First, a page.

Attend any decent trade fair, and you are bombarded with all sorts of promotional giveaways by companies determined to turn your head.
At a recent event, we left with posh carrier bags stuffed to the brim with the usual leaflets, packets of sweets, endless pens, notebooks, drinks coasters, an insulated coffee mug, and – of course – USB memory sticks.
We cannot deny, we hung around certain stands because we coveted their beautiful black notebooks with chunky pencils; and we worship the company that let us have the coffee mug, even though we haven't quite got round to taking out of the box three weeks later.
But it is still the USB memory sticks that grab the executives, buyers and browsers at trade events.
Any stand that had memory sticks on display attracted delegates like ants to a picnic, just so they could get their hands on that sweet, sweet flash memory, all packaged in a pocket size case embossed with a company name.
We're heavily biased, but our own observations show that technology is the most appreciated gift of all among conference and trade fair delegates, and they will long remember the names of generous organisations even if they palm off their gains to colleagues or their own children.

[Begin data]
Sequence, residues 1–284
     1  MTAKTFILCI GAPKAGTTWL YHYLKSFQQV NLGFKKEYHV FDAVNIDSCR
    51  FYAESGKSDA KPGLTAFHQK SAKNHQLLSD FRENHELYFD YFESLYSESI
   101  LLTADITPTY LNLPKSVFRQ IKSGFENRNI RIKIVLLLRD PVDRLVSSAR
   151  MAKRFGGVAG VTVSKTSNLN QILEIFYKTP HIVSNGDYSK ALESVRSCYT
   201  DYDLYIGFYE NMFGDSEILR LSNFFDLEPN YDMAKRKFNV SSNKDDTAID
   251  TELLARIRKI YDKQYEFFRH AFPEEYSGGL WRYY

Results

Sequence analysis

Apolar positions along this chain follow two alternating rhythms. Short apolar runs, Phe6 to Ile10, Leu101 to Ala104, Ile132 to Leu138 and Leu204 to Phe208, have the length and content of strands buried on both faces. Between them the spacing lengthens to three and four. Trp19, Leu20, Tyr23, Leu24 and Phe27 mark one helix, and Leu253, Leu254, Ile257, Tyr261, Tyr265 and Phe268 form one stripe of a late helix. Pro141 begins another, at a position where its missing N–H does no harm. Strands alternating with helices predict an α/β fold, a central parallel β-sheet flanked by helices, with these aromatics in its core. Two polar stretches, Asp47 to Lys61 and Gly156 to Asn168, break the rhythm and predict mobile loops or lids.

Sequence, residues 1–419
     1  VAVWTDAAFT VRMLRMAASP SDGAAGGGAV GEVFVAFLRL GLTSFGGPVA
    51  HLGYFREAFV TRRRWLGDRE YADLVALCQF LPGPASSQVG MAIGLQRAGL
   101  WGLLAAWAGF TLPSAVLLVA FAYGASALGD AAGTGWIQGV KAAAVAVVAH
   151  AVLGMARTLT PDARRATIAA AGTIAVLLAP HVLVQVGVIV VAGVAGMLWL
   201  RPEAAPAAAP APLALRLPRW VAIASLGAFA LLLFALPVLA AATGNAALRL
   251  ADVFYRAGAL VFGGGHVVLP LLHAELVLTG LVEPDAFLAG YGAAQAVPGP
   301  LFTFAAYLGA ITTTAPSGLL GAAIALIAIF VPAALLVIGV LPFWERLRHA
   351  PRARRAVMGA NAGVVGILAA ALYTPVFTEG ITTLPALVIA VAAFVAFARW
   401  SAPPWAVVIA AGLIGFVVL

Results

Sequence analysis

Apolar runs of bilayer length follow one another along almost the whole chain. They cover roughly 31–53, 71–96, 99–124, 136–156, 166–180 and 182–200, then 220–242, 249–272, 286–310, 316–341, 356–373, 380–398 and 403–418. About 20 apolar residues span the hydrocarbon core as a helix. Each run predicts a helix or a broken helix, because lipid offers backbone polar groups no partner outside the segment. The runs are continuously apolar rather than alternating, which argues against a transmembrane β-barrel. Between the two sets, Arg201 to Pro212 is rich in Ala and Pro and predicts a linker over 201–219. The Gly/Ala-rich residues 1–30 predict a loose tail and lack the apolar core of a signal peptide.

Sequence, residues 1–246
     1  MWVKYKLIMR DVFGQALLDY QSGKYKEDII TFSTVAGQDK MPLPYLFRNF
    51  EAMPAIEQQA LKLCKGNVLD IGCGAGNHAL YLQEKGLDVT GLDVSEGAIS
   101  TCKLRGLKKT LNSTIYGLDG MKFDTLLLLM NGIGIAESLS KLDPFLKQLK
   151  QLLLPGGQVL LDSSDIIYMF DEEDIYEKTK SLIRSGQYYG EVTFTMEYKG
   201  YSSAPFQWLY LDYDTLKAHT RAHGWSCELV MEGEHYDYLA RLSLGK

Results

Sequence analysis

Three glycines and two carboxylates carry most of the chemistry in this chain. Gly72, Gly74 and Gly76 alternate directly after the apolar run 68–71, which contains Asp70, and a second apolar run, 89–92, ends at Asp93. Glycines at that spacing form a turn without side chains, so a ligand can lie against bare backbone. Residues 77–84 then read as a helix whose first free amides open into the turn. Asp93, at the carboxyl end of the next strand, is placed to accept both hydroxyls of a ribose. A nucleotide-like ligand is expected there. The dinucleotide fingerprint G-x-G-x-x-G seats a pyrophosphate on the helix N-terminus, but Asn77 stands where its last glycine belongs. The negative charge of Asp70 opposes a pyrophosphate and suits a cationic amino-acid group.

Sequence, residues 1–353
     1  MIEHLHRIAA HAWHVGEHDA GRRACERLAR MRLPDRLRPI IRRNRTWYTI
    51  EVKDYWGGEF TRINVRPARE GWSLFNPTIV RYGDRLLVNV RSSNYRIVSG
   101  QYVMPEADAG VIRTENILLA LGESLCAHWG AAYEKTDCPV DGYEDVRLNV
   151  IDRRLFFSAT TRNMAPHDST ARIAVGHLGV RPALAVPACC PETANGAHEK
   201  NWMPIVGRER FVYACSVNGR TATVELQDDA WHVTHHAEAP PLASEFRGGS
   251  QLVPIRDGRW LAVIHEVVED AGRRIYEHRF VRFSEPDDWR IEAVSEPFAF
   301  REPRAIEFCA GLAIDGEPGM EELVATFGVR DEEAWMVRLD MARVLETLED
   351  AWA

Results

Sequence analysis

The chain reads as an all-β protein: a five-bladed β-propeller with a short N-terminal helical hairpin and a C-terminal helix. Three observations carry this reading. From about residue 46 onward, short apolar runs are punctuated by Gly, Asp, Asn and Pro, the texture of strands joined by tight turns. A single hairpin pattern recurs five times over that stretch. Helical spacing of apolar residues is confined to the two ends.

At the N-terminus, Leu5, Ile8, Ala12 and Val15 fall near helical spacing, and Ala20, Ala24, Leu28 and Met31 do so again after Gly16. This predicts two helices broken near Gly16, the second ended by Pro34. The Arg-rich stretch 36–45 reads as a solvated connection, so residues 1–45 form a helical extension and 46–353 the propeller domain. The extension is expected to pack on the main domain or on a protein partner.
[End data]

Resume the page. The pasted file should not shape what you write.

Of course, people demand a minimum standard, and a 512MB usb stick which might have been seen as generous just a year ago might now be viewed as a little cheap because technology moves on with leaps and bounds. Big memory opens eyes.
But whatever the capacity, a memory stick, pre-loaded to the gills with promotional material is a ticket direct to the eyeballs of people who might be interested in your company.
We once attended a conference where a major blue-chip company left impressive-looking boxes on delegates' seats during the tea-break. At the end of the day, you could count the abandoned contents of these boxes (branded post-it note dispensers) by the dozen. Of the branded USB sticks left by a smaller, tech-savvy company, there were none left behind at all.
Read into that what you will.